You might not think of this one, but you should. Ash discarded after a wood fire is a great natural fertilizer.

It’s also a great choice for any low acidic gardens and it even helps to keep pests away like slugs and snails. 

24. Coffee Grounds

Used coffee ground is a good one because it supplements organic matter to the soil, entices earthworms, and improves aeration and drainage.

It also contains a plethora of nutrients needed for plant health.

Sprinkle your waste coffee grounds (in limited amounts) around the base of your plants. For best results, mix it with other amendments or compost.

25. Green Teas 

Everyone knows the benefits of green tea, and soon your garden will, too.

Just mix any trimmed weeds into a bucket of water with green tea and let sit for three days before applying. 

26. Molasses 

People have been using this one in gardening practices for years. However, different molasses types have different nutrient contents.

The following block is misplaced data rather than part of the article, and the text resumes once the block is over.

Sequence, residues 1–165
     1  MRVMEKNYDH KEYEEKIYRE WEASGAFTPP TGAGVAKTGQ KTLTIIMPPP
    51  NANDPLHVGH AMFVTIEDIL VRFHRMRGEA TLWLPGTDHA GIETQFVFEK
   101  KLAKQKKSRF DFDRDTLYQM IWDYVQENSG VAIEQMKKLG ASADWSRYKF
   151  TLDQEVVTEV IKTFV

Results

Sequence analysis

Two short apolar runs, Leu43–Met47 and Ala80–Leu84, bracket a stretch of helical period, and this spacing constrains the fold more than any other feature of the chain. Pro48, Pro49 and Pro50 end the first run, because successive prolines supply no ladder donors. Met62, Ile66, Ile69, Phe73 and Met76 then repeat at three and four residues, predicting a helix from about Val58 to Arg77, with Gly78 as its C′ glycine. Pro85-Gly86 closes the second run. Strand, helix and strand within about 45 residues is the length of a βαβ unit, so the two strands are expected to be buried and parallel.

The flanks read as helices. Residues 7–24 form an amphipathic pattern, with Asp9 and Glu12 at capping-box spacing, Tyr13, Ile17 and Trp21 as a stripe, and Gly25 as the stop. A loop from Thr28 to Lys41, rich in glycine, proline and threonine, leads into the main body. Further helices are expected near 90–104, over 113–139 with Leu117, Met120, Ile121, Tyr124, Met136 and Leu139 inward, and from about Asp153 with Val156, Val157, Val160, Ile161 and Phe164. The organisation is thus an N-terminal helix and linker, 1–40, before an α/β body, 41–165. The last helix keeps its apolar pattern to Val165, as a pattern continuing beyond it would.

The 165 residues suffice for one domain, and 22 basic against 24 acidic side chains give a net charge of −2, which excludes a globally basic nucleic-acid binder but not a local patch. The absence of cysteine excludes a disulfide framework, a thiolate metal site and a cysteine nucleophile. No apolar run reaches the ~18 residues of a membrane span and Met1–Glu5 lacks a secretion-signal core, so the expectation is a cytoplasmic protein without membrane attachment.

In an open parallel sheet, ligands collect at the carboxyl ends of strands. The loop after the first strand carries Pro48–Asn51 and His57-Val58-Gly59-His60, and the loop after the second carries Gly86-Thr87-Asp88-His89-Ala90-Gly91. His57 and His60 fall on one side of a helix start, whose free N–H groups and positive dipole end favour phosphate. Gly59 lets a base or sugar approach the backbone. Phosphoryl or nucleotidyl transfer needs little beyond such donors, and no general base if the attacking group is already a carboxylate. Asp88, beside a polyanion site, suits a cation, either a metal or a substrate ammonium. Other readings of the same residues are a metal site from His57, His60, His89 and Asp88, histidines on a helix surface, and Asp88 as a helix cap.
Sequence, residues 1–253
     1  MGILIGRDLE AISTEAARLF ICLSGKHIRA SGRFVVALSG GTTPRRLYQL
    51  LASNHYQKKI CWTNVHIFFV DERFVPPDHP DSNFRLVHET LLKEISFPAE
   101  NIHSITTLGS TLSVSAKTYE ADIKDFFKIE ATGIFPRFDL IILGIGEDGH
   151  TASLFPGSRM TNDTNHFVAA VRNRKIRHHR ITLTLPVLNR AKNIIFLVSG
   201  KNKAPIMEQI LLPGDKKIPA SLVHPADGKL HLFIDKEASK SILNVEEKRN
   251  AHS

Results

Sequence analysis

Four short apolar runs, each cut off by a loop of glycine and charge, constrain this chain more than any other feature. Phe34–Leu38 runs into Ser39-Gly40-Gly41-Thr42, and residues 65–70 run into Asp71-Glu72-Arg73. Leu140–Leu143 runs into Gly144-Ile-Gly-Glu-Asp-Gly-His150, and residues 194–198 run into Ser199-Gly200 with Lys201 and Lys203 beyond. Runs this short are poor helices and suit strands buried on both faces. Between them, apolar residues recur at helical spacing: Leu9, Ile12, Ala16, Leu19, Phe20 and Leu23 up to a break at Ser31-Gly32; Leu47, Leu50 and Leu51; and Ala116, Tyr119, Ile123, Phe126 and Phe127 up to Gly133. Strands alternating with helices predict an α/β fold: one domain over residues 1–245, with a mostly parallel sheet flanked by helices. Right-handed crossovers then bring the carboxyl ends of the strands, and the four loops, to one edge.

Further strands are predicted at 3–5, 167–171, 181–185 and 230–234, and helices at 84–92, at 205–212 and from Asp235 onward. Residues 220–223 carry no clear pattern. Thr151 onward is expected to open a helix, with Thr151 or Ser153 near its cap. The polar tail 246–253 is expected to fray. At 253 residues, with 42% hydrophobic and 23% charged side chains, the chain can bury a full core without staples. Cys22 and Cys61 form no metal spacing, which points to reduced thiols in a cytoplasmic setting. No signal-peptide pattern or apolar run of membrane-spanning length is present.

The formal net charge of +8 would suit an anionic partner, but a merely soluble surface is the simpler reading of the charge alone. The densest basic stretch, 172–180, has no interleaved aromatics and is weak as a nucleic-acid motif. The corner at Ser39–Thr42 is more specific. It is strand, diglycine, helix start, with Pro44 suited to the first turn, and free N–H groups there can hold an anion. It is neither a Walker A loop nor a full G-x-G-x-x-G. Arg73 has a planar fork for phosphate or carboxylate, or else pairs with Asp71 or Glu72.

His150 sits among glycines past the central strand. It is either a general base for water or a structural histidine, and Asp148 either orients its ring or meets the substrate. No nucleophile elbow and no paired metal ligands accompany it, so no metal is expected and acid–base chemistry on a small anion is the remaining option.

Blackstrap molasses has the most sulfur, magnesium, iron, calcium, and potassium and gives plants a power boost when applied.

Add 2-3 tablespoons of dry molasses to 1 gallon of warm water and spray on leaves or pour around roots.

Unsulphured blackstrap molasses can also be added to fertilizer mixes. 

27. Urine 

You read that right. It’s been proven that urine from a healthy person can be used as a highly clean and beneficial fertilizer.

Urine is 95% water that contains vitamins and minerals. It also contains urea, which is extremely beneficial to growing plants.

If you’re a little squeamish, it’s okay. There are plenty of other healthy plant fertilizers.

28. Gypsum

Gypsum is a naturally occurring mineral that is mined globally. Moreover, it has many uses. When refined, it is an excellent source of calcium and sulfur.

Both these are important elements for improving crop yield and plant growth. It also keeps the soil hydrated and helps prevent erosion.

29. Azomite

Azomite is a natural mineral substance that you can use as a soil amendment to improve plant growth and yields. It is from volcanic mineral deposits from a Utah desert source.

Takeaway

As most of these are slow-release, the timing of when you use them is not as important as it is with inorganic fertilizers.

As with all the foods we eat, organic is best, so work hard to nourish your plants as you would nourish your body.

Sasha Brown

Blogger and lover of all things natural.